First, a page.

My roommate and I tossed a coin to decide who would get the room with the biggest window. I won. Then I stole/”borrowed” her yoga mat and so I could practice yoga in front of that window everyday. But I promise, I really do love her.
I started practicing yoga during the summer because I was bored in Abilene and wanted to go to gym classes as much as possible. But now I do it because it really changed my life. Not to sound like an infomercial, but yoga helped me physically, emotionally and spiritually.
Many of my friends make fun of me because of the yoga stereotypes like the funny words, meditative “ohms” and flowery, spiritual language. But that’s not what yoga means to me. I don’t get on the mat looking for a new-age answer to life problems. Yoga does help with a lot of simple problems, but it’s not as awkward and weird as it sounds.
Yoga tones your muscles, regulates your digestion, and helps you have better posture. Many of the moves put your head upside down so more blood flows to the brain, which is helpful when you have a lot of mental work to do. #finals. Repeating putting your head upside down and right-side up helps with balance and the inner ear. Before doing yoga, I would get really dizzy on roller coasters. But after doing yoga all summer, my inner ear was used to being inverted. I went on a roller coaster at Six Flags in Vallejo, California and walked off without stumbling.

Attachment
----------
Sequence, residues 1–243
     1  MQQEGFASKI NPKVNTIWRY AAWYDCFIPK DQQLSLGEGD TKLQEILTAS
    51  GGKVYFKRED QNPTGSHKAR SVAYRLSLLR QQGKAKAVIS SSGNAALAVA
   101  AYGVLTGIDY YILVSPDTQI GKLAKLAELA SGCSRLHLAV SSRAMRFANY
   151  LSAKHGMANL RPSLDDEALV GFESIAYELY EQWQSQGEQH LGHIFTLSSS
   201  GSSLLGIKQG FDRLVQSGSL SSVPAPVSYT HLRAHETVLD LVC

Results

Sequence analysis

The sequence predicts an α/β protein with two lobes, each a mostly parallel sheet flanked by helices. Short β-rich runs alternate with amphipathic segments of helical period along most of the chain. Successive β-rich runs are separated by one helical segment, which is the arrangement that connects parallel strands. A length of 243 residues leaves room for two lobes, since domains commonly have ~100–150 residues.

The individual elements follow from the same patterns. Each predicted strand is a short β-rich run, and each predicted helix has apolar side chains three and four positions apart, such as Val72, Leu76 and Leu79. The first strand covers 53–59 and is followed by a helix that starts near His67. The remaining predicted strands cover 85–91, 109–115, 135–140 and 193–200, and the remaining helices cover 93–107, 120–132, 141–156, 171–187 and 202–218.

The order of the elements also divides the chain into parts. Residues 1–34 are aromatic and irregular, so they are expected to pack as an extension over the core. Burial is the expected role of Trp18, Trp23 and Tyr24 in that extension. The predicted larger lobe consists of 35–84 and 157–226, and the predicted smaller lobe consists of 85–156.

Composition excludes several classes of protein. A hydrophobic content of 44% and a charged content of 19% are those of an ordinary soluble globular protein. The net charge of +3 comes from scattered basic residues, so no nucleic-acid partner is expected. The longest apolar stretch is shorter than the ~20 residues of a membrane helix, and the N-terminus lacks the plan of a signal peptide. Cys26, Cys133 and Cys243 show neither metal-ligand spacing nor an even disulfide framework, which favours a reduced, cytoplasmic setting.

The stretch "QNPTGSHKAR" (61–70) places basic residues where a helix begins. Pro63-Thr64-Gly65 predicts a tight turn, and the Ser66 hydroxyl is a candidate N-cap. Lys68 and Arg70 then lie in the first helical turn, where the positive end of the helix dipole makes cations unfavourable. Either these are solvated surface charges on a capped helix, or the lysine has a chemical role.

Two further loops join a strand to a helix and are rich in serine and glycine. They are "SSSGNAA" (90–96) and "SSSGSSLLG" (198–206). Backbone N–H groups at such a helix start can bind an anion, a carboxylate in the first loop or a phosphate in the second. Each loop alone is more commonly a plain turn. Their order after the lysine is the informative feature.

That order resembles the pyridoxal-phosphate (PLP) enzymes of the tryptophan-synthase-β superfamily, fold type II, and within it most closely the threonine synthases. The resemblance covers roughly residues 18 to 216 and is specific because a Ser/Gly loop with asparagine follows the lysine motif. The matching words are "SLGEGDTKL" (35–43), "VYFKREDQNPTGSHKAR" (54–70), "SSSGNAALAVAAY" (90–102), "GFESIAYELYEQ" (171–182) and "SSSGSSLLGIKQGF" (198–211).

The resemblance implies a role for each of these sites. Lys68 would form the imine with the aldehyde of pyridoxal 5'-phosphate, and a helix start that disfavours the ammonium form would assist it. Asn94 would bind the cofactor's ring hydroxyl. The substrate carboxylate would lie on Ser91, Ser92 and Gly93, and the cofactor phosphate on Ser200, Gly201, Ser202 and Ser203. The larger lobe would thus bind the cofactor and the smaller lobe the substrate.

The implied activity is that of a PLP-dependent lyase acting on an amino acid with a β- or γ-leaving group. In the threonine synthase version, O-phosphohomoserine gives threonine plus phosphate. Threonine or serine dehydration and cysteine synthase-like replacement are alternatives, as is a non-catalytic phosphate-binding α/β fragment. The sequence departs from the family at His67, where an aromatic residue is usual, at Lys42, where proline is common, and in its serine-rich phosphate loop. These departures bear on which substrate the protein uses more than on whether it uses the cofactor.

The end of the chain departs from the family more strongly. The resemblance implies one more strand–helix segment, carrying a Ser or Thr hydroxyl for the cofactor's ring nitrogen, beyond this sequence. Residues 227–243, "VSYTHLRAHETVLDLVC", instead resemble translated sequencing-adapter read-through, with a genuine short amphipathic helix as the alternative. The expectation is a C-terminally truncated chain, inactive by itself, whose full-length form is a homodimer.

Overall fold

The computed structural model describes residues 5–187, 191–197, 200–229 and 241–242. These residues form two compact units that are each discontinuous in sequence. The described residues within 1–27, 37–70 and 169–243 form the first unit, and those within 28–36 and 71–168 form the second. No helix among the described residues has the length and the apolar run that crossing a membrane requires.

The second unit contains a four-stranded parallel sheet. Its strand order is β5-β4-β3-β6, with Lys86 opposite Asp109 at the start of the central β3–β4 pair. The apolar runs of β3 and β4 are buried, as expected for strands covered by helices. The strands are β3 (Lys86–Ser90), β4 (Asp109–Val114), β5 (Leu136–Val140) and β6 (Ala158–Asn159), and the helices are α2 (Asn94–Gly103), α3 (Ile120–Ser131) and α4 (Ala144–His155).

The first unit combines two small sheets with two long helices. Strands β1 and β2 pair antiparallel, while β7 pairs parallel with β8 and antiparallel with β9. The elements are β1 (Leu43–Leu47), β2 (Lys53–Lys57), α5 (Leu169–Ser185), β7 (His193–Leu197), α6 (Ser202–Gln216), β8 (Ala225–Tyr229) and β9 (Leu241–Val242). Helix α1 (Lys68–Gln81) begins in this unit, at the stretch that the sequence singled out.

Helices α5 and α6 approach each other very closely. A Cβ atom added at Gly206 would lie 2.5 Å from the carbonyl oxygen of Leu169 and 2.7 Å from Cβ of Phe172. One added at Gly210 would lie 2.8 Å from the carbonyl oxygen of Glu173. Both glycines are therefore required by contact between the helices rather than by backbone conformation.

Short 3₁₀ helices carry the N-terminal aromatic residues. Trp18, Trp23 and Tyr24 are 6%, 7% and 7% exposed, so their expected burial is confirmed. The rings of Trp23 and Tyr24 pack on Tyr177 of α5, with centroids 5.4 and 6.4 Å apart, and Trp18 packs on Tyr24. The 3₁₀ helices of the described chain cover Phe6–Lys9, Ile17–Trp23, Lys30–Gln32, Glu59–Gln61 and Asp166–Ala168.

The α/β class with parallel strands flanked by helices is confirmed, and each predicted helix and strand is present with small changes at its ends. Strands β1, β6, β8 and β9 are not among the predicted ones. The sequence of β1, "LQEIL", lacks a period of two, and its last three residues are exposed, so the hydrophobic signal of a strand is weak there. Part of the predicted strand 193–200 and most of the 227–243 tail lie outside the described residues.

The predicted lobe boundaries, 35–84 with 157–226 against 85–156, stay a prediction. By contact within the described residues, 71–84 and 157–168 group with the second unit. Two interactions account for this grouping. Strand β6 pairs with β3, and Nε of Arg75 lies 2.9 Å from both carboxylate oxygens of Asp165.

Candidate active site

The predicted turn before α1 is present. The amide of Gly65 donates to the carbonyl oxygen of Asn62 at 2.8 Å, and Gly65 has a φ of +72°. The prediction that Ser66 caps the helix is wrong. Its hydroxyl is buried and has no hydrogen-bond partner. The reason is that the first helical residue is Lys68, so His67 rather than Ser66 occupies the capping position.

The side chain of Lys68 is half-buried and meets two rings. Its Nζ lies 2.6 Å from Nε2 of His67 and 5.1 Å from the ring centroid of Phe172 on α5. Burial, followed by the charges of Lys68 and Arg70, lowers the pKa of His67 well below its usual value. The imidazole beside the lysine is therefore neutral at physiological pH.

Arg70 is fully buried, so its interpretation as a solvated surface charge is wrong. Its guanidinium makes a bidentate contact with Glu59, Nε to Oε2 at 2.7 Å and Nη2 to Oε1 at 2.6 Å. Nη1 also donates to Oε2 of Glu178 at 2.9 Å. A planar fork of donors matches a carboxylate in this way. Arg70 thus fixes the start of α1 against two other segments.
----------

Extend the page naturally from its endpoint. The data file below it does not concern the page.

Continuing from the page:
Before doing yoga, I would get stressed out from homework, jobs and social club events. Sometimes I would get so anxious I couldn’t sit still and my heart raced. But yoga taught me to breathe deeply and slowly. It feels like I can hold more air in my lungs now. I can calm myself down with just a few breaths -in through the nose, out through the mouth. I do this breathing technique all throughout the day and it puts me at peace.
It also made it easier to fall asleep at night. Before yoga, I would go to bed and run through my day and my goals and my plans in my mind. But now I breathe deeply and go straight to sleep.
Yoga also helped me spiritually. I know it’s cliche, but it’s true. Before yoga, I hated sitting in silence and being still. Pastors and teachers say we need to be still as part of our worship, but I hated sitting still. I would blast worship music or read long Bible passages to fill up the silence. But when you do yoga, you focus on breathing and hold poses in silence for longer than you think you can. When you’re holding a pose, you have to push past the need to move on to the next pose. Doing this every day familiarized my brain with stillness. Now I can read a verse and meditate on it in silence for 15-20 minutes without getting distracted or feeling like I need to get up and do something.
So before you write off yoga as awkward or weird, think of these benefits and give it a chance. It can really change your life. Namaste.